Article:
The openSUSE conference will feature Georg Greve as first keynote speaker, opening the event on Friday morning. He will talk about “Freedom in the world we live in and the value and importance of communities and Software Freedom”. That’s aÂ mouthfulÂ and we’ve asked him to tell us a bit about himself and what he’ll talk about.
We managed to catch him just before he was going to Hamburg for the holidays with the family, actively cleaning up the house and preparing for an early leave the next morning. Georg, born in ’73 on the tiny island of Helgoland outside the coast of northern Germany, spent the first 8 years of his life in this reclusive community before moving to the big city. There he studied biophysics and came across Free Software in 1993. Five years later he was the European speaker for the GNU Project, writing the well known ‘Brave GNU World’ column and in 2001 he initiated the Free Software Foundation Europe. Since 2009 he is the CEO of Kolab Systems AG and lives with his wife and “two utterly gorgeous” twin boys in the neighborhood of Zurich, Switzerland.
We asked him about what he will share with us at the openSUSE Conference.
Georg: “I’m sure everybody is aware of current events around the leak of Prism. Watching it all unfold has been interesting from a variety of angles, both for our communities as well as the larger version of community: society at large. It is awesome that people look at what is going on, care and get upset. But at the same time, it is weird that they get upset now as much of this has been known for quite a while. If you cared for this topic at all you could have learned all of this from public sources in the past. Not with such detail and in such depth or with the drama, but the gist of it was actually not very much hidden. The fact that the USA treats its own interest above everything else and isn’t shy to use its power, knowledge and military for its self interest and most importantly the interest of its corporations isn’t exactly news. It has been like this for quite a while and they have been quite upfront about it.”
Jos: But at least people are angry about it, now…
Georg: “People are shocked. But a few years too late. It is good that they are but we should ask the question: why is it worse to give your data to the government (which may use it in name of the corporations) rather than giving it to the corporations directly?
And people give their data willingly. Even the public sector is affected, just last week the Swedish government banned Google Apps usage in Sweden. They noted that it could not be guaranteed that the data would remain private. News, really? Perhaps there will be some rethinking of our over-eagerness to try new things (which is good) but will that message reach far enough? Will people realize that the problem is not the behaviour of the USA?”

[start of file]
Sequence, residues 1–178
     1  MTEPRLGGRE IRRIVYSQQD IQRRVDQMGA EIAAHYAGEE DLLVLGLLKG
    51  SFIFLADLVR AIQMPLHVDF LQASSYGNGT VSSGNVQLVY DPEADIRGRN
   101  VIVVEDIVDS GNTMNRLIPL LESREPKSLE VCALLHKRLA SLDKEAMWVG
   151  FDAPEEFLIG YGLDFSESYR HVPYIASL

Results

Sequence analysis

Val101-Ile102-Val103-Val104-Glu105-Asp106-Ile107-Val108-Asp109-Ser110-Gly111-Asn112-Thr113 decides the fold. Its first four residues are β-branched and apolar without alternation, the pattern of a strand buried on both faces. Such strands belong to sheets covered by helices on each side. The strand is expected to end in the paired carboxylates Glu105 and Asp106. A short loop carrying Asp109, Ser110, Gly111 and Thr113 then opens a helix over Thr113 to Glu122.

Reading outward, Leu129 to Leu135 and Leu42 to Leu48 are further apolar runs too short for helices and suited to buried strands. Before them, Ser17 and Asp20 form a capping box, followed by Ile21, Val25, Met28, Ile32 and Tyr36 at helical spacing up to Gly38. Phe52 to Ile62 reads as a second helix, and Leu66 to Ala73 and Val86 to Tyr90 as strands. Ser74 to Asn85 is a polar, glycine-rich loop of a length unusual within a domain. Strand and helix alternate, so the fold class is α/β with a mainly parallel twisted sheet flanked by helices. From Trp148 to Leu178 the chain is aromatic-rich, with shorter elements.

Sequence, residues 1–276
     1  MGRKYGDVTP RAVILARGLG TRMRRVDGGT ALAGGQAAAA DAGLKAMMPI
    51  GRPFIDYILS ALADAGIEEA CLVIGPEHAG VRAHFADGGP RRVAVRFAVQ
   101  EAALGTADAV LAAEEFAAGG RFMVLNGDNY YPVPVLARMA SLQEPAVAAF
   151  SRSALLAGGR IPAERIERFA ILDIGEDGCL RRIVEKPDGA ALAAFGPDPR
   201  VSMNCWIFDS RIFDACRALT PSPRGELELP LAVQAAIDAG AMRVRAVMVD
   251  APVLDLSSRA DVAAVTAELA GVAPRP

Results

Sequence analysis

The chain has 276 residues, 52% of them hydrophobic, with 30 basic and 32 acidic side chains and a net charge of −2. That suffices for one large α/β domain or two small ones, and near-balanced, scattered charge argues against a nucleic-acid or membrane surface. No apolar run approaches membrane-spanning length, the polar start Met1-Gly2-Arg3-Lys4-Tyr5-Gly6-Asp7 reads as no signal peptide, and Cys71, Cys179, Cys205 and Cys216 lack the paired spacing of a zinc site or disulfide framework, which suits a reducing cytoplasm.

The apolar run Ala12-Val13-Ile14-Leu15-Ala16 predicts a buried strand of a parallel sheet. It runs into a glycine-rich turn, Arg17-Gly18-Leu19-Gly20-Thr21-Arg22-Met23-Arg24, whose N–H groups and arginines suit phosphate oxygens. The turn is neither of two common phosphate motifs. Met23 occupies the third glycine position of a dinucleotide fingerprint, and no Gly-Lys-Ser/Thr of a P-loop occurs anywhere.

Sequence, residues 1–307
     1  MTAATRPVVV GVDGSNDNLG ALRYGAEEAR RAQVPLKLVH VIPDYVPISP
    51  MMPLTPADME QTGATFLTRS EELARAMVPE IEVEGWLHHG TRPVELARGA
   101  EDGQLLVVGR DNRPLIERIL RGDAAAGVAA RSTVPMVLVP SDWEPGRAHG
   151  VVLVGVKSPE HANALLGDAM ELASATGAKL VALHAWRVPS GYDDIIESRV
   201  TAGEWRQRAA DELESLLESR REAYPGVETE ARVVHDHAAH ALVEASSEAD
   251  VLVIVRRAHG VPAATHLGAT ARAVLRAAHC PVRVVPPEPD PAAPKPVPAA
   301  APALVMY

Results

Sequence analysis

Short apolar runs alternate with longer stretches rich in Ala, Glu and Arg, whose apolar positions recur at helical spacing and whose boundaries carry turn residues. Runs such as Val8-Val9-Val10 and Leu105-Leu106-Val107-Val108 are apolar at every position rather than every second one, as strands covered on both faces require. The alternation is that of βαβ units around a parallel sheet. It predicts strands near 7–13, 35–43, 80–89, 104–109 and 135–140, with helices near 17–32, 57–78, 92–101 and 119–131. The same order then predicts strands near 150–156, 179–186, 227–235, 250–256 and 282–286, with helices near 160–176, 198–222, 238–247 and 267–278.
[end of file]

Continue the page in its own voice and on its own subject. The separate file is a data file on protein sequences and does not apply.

Jos:Â Shouldn’t we, in the rest of the world,Â be angry at the USA?
Georg: “The United States are a sovereign nation and they can do what they want to do, nobody can stop them. The real question is about the control over our data. And this control (or lack there-of) results from the software handling it.”
Jos: So to control the data…
Georg: “… we need to control the software, yes. Of course, this is what we are about, as Free Software community: we create the tools to control our data ourselves, or make it possible that we can let someone we trust exercise that control. What we have to learn is that it’s not just about building the best tools in the world and throwing them out. From that follows too little. Good technologies have lost in the past. We need to evolve a professional ecosystem around these technologies to make sure that what we build reaches people, becomes available, accessible, is FUN to use for people. We need to target and reach that part of society which canâ€™t do it themselves, who are not geeks. Geeks can always protect themselves â€“ sure. But if we are satisfied with that we withhold the ability to protect themselves from the 98% who do not have the skills and knowledge to do so.”
Jos: Your message is then that we need to communicate more about our software?
Georg: “We need to go out more, become more professional. More grown-up in a way, at spreading that technology into the world at large. Some companies have successfully been doing that, but it is still not sufficient. We need to do this more pro-actively, and also build more of an understanding in some Free Software Communities about the important role that companies play in bringing the freedom to users. At the end it is about getting better as an ecosystem in providing that freedom to people in all ways that matter, including economically, so they can afford to take control over their own data.”
In the end, it’s about creating the world I would like to live in, and working with others to help us get there.
Learn more at oSC!
At this point the twins decided to derail our conversation, having discovered a new and innovative way of getting themselves soaked in some puddle. Making the world a better place while taking care of kids isn’t easy for sure. But Georg is working on it. He decided to join Kolab because “Groupware is the final pillar of Free Software that needs to become ubiquitous before Free and Open can become a choice for corporations on the corporate desktop”.
We’ll hear how that is going in about 4 weeks: on July 18, registration and opening party starts in Thessalonki! If you have not registered yet, you should do so as soon as possible. Of course, we plan on live streaming as many of the sessions as we can and make them available after the event as well. But nothing beats being there in the flesh so if you can, gear up and get ready to join oSC!
See you there and have a lot of fun!
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